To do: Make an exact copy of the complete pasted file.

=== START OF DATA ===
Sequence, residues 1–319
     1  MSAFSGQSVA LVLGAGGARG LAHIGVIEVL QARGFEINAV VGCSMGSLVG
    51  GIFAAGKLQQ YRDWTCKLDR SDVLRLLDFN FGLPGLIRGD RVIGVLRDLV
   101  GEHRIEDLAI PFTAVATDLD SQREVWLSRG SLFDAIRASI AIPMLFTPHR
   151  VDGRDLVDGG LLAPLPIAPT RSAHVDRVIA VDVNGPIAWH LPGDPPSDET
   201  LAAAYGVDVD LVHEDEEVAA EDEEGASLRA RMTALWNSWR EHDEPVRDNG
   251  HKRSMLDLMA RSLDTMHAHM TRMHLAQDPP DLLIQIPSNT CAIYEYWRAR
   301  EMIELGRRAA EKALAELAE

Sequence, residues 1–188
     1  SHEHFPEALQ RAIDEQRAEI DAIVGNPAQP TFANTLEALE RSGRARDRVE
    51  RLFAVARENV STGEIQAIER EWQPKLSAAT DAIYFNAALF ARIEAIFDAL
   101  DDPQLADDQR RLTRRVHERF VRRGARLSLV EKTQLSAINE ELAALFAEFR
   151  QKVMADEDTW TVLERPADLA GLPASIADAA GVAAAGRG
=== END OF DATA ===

Sequence, residues 1–319
     1  MSAFSGQSVA LVLGAGGARG LAHIGVIEVL QARGFEINAV VGCSMGSLVG
    51  GIFAAGKLQQ YRDWTCKLDR SDVLRLLDFN FGLPGLIRGD RVIGVLRDLV
   101  GEHRIEDLAI PFTAVATDLD SQREVWLSRG SLFDAIRASI AIPMLFTPHR
   151  VDGRDLVDGG LLAPLPIAPT RSAHVDRVIA VDVNGPIAWH LPGDPPSDET
   201  LAAAYGVDVD LVHEDEEVAA EDEEGASLRA RMTALWNSWR EHDEPVRDNG
   251  HKRSMLDLMA RSLDTMHAHM TRMHLAQDPP DLLIQIPSNT CAIYEYWRAR
   301  EMIELGRRAA EKALAELAE

Sequence, residues 1–188
     1  SHEHFPEALQ RAIDEQRAEI DAIVGNPAQP TFANTLEALE RSGRARDRVE
    51  RLFAVARENV STGEIQAIER EWQPKLSAAT DAIYFNAALF ARIEAIFDAL
   101  DDPQLADDQR RLTRRVHERF VRRGARLSLV EKTQLSAINE ELAALFAEFR
   151  QKVMADEDTW TVLERPADLA GLPASIADAA GVAAAGRG